Arnold’s Last Marriage Lesson?

“Keeping the Sparks Alive” Series

Part of keeping the sparks kindled in your own marriage means keeping the wrong sparks out of your marriage—the ones that can engulf you into an affair.

It turns out there was another lesson (Read Part I) to learn from the troubled marriage of Maria Shriver and Arnold Schwarzenegger: Don’t think you can live a double life of lies and infidelity without eventually facing the consequences.

I would imagine it was much easier for Schwarzenegger to apologize to the nameless, faceless cameras and masses than it was to admit to his transgressions to his own wife and to each of his children. In Monday’s post, I wished his children could be spared the devastation that a divorce would bring, but that wish was too late. Their public humiliation may be Arnold’s worst punishment. His son, Patrick, changed his last name on Twitter to Shriver within days of Arnold’s announcement, a clear sign of his displeasure with this father. The fact that the woman with whom he had an affair worked for the family for two decades likely makes the situation even harder to bear for all those involved.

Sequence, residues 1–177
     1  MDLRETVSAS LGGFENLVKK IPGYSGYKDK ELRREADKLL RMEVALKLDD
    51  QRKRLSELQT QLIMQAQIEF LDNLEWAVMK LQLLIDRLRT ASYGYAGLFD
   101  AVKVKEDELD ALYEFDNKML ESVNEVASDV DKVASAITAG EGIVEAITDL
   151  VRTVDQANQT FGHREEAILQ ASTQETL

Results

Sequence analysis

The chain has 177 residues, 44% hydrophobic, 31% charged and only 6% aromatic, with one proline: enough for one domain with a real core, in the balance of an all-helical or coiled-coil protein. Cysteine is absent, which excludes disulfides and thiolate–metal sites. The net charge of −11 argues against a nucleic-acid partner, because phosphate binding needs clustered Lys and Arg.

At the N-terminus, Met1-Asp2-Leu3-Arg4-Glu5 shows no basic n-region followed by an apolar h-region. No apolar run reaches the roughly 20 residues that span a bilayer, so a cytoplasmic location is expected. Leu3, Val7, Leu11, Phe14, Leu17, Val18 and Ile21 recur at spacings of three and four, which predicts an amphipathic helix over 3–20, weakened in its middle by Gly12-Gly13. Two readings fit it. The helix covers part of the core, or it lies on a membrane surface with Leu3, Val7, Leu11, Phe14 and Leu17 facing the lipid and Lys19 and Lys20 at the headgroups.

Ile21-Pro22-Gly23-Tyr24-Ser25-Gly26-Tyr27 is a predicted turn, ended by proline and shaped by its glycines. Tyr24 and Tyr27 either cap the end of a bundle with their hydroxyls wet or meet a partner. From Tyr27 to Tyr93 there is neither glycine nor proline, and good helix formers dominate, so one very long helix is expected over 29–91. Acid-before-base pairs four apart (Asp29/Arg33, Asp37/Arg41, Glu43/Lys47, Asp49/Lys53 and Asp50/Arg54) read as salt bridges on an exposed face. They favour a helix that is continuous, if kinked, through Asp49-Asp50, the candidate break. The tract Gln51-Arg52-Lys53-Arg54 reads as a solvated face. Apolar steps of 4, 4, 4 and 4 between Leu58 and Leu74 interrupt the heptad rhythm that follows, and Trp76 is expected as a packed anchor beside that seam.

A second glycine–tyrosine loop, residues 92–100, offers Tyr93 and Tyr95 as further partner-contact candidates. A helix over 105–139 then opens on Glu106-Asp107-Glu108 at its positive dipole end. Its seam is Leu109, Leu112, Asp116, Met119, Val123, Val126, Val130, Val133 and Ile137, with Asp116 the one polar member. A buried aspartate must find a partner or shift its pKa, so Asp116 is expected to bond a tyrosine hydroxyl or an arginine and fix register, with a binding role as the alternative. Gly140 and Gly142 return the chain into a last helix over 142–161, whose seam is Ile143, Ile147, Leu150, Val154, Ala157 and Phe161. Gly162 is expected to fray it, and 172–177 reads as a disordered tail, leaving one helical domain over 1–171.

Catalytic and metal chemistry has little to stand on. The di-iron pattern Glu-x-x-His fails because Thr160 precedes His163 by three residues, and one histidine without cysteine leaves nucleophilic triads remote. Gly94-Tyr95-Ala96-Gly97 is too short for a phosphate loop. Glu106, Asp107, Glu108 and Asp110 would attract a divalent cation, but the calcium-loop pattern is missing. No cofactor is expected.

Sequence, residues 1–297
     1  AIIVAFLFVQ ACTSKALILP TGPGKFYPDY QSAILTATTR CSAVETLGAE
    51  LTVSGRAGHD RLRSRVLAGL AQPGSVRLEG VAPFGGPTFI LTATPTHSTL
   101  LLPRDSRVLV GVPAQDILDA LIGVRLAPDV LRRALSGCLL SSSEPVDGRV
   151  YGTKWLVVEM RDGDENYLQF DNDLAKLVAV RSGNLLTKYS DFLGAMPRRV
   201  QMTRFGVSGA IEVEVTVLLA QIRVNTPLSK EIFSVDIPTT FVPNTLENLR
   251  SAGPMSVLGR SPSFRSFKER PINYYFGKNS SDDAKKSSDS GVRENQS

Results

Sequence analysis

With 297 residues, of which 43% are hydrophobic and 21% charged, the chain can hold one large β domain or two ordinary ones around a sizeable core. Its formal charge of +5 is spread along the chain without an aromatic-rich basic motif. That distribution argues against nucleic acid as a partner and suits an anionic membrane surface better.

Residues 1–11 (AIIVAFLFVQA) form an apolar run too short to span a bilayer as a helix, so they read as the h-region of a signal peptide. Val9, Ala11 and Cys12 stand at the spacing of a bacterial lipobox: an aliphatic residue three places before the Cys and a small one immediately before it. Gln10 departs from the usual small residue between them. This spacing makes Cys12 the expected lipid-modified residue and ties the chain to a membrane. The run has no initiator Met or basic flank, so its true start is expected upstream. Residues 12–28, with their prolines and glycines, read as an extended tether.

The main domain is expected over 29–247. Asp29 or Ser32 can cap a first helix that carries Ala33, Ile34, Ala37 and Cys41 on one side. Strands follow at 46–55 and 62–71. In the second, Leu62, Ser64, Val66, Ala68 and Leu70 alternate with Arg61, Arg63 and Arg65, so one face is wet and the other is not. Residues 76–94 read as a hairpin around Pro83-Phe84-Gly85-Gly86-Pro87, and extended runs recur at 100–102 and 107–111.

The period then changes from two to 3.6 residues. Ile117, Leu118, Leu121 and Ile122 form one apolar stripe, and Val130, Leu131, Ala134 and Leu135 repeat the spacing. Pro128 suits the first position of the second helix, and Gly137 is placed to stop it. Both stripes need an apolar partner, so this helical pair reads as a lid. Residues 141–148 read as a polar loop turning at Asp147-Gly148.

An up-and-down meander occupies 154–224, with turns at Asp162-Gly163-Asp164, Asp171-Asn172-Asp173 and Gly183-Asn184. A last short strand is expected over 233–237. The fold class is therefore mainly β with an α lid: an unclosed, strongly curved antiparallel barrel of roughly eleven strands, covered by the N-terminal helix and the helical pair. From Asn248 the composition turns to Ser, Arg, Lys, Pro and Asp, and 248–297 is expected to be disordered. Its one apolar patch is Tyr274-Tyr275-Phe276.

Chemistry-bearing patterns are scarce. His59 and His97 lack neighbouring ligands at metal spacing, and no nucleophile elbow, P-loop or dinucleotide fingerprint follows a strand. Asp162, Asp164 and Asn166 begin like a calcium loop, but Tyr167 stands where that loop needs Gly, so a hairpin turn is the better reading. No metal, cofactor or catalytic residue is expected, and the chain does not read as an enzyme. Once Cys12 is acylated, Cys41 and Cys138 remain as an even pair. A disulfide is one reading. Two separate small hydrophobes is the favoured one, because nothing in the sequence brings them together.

Unfortunately, infidelity is a relatively common marriage problem. Social scientists have been unable to pin down an accurate estimate of the number of couples affected, because they don’t know who is telling the truth. CNN suggests some estimate 15 to 18 percent of marriages are affected by affairs, while others place the number closer to 40 percent or more for those affected by emotional or physical affairs.

I’ve interviewed both couples who have overcome infidelity and experts who say it is a situation that can be healed. However, no one will deny the difficulty of the situation (particularly one with a 10-year-old child born out of wedlock) and question whether the trust can be rebuilt. If serial philandering is involved, obviously that will make the situation tougher and will likely reduce the desire by the scorned spouse to rebuild the marriage. For example, did anyone really think Tiger Woods’ wife, Elin, could effectively rebuild their marriage, or that she would wish to?